To make sure that you are doing it all right, use the pre-designed symbols from the stencil libraries from the solution to make your drawings look smart and professional. Also, the pre-made examples from this solution can be used as drafts so your own drawings can be based on them. Using the samples, you can always change their structures, colors and data.
Creating an entity-relationship (ER) model is to visually represent the structure of a business database, where data equates to entities (or objects) that are linked by defined relationships expressing dependencies and requirements. By nature it is an abstract visualization, the first step in the design process towards creating a logical and functional database.
The original concept was formalized by Peter Chen, the influential computer scientist who wrote The Entity-Relationship Model – Towards a Unified View of Data. This paper provided structured notation for database models – it remains a well-used standard to this day, but other notations, such as Bachman, Barker, or Martin, have been devised to handle specific database requirements.
The Chen ERD notation, take from ConceptDraw’s Entity-Relationship Diagram solution
Entity-relationship diagrams (ERD) follow the common three-schema approach to software engineering, with three levels of abstraction being used to define an ER model.
Conceptual data model — A conceptual data model is the most abstract view of a data model. It offers a complete overview of a business area, including all significant business entities, and describing their relationships.
It omits further levels of detail, including data types and interface definitions, making it suitable as a means of presenting an initial business idea to a wide range of stakeholders.
Logical data model — Using this model a higher level of detail is established, with data entities describes as master, operational or transactional, and the relationships between them more precisely defined. This is the testing phase of a data model, where functionality can be observed independently of physical specifications.
An ERD showing entities with their primary keys, made using ConceptDraw DIAGRAM.
Physical data model — At this point data modellers start to take into account the physical constraints of the database area. Important factors to consider are database performance, physical storage space, and indexing strategy. Diagram notations will fully define all tables and columns, indexes, constrain definitions, and any linking or partitioned tables.
Creating an ERD requires choosing a specific set of notations that best serve the specific database being designed. Chen’s original notation had a linguistic approach, where boxes representing entities could be thought of as nouns, and the relationships between them were in verb form, shown on a diagram as a diamond.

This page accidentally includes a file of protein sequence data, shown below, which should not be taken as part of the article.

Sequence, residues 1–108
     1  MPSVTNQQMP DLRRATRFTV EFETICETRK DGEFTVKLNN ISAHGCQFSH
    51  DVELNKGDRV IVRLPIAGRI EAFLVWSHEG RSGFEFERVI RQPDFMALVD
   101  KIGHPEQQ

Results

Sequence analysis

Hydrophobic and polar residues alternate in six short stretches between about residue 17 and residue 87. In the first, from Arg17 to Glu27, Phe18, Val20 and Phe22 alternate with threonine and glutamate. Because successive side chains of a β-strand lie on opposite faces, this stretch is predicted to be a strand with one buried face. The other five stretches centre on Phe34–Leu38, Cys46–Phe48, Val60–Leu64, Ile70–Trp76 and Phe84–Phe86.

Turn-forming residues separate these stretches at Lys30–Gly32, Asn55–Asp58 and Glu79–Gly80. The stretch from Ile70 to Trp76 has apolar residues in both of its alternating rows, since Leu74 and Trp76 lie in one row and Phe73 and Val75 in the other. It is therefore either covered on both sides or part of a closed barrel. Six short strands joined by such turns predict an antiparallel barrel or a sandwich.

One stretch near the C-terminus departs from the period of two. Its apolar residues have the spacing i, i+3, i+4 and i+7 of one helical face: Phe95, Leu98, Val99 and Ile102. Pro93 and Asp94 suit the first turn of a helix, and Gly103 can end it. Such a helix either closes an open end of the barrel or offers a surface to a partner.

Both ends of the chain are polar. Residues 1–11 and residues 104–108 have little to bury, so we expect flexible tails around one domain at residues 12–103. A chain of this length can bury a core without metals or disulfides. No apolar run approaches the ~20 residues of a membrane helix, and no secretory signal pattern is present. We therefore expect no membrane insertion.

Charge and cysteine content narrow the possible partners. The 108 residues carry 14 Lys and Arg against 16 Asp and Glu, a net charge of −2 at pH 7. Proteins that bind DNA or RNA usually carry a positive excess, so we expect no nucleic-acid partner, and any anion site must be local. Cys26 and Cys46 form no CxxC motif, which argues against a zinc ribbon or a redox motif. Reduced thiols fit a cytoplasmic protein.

Eventually Chen’s style was adapted into the crow’s foot notation, where relationships were shown as single labelled lines – this quickly became the popular standard, due to improved readability on diagrams, with a more efficient use of space on the page.
The crow’s foot ERD notation, take from ConceptDraw’s Entity-Relationship Diagram solution
Most other notation systems are adaptations, or use part of these original styles. Here is a brief list of some of the other standards that have been developed:
Barker’s notation (ERDs for Oracle)
EXPRESS and EXPRESS-G notation
UML class diagrams
Object role modelling
(min – max) notation
ERDs are an invaluable tool for software engineers, particularly since computing capacity, and thus data storage capacity, has markedly increased in recent years. They allow every aspect of database design to be managed, tested and communicated before implementation. Because ERDs have such a broad scope of influence across database activities, it’s imperative the standardized notation can be utilized and interpreted by a wide variety of stakeholders.
A model of a computer game server database, made with the ERD solution for ConceptDraw
To create an ERD, software engineers will mainly turn to dedicated drawing software, which will contain the full notation resources for their specific database design. CS Odessa has released an all-inclusive solution for their powerful drawing program, ConceptDraw DIAGRAM. The Entity-Relationship Diagram solution contains vector stencil image libraries with full standardized Chen and crow’s foot notation included. Added to the solution pack are a number of ERD templates and samples to help kick start users own ideas.
ConceptDraw DIAGRAM offers a number of features that make it the ideal system with which to create entity-relationship diagrams. Intelligent connectors are used to establish relationships – connecting lines that automatically map the best route to join diagram objects. One-click commands allow a diagram to be created efficiently, getting ideas on the page as quick as they arrive.
As with all ConceptDraw products, there is a large online resource of help material related to the Entity-Relationship Diagram solution, including video tutorials, how-to guides, and a host of help topics.